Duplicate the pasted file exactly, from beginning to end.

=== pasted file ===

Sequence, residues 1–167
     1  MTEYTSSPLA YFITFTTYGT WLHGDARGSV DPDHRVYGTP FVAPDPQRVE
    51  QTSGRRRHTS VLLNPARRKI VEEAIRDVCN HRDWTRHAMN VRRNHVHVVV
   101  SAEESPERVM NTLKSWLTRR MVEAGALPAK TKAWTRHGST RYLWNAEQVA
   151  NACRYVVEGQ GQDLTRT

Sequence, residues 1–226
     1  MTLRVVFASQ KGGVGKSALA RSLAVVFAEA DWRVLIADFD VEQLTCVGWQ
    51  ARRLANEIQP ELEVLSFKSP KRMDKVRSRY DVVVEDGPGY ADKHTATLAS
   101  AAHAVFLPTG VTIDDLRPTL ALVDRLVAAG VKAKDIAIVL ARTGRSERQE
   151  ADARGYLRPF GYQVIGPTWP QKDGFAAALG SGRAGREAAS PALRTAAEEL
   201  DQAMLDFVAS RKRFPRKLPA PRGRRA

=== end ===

Sequence, residues 1–167
     1  MTEYTSSPLA YFITFTTYGT WLHGDARGSV DPDHRVYGTP FVAPDPQRVE
    51  QTSGRRRHTS VLLNPARRKI VEEAIRDVCN HRDWTRHAMN VRRNHVHVVV
   101  SAEESPERVM NTLKSWLTRR MVEAGALPAK TKAWTRHGST RYLWNAEQVA
   151  NACRYVVEGQ GQDLTRT

Sequence, residues 1–226
     1  MTLRVVFASQ KGGVGKSALA RSLAVVFAEA DWRVLIADFD VEQLTCVGWQ
    51  ARRLANEIQP ELEVLSFKSP KRMDKVRSRY DVVVEDGPGY ADKHTATLAS
   101  AAHAVFLPTG VTIDDLRPTL ALVDRLVAAG VKAKDIAIVL ARTGRSERQE
   151  ADARGYLRPF GYQVIGPTWP QKDGFAAALG SGRAGREAAS PALRTAAEEL
   201  DQAMLDFVAS RKRFPRKLPA PRGRRA